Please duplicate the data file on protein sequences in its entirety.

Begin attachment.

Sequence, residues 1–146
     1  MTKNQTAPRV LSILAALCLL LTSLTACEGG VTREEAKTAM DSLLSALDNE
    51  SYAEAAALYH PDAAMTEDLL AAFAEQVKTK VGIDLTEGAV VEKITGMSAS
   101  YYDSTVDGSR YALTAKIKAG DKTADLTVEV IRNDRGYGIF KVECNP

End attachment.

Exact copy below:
Sequence, residues 1–146
     1  MTKNQTAPRV LSILAALCLL LTSLTACEGG VTREEAKTAM DSLLSALDNE
    51  SYAEAAALYH PDAAMTEDLL AAFAEQVKTK VGIDLTEGAV VEKITGMSAS
   101  YYDSTVDGSR YALTAKIKAG DKTADLTVEV IRNDRGYGIF KVECNP